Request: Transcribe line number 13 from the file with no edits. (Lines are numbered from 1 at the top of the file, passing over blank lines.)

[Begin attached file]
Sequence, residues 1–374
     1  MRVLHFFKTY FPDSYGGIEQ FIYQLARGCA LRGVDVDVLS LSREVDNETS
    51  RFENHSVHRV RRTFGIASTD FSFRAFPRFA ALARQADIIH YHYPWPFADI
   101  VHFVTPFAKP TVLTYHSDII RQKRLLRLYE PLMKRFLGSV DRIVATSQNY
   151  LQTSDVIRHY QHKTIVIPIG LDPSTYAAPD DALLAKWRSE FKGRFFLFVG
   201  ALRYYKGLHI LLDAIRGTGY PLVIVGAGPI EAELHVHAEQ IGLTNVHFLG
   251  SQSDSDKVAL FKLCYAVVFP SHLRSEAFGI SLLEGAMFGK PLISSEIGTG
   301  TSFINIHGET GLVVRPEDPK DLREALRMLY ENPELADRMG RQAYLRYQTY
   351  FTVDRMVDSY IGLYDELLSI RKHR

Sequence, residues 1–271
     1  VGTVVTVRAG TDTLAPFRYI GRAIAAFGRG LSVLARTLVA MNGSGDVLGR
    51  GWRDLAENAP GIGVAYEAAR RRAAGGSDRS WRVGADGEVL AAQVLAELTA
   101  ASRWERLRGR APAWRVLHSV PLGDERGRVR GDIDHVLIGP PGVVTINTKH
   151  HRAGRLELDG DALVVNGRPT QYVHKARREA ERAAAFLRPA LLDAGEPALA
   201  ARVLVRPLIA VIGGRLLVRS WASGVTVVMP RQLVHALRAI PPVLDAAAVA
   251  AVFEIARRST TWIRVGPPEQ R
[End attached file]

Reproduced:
   101  ASRWERLRGR APAWRVLHSV PLGDERGRVR GDIDHVLIGP PGVVTINTKH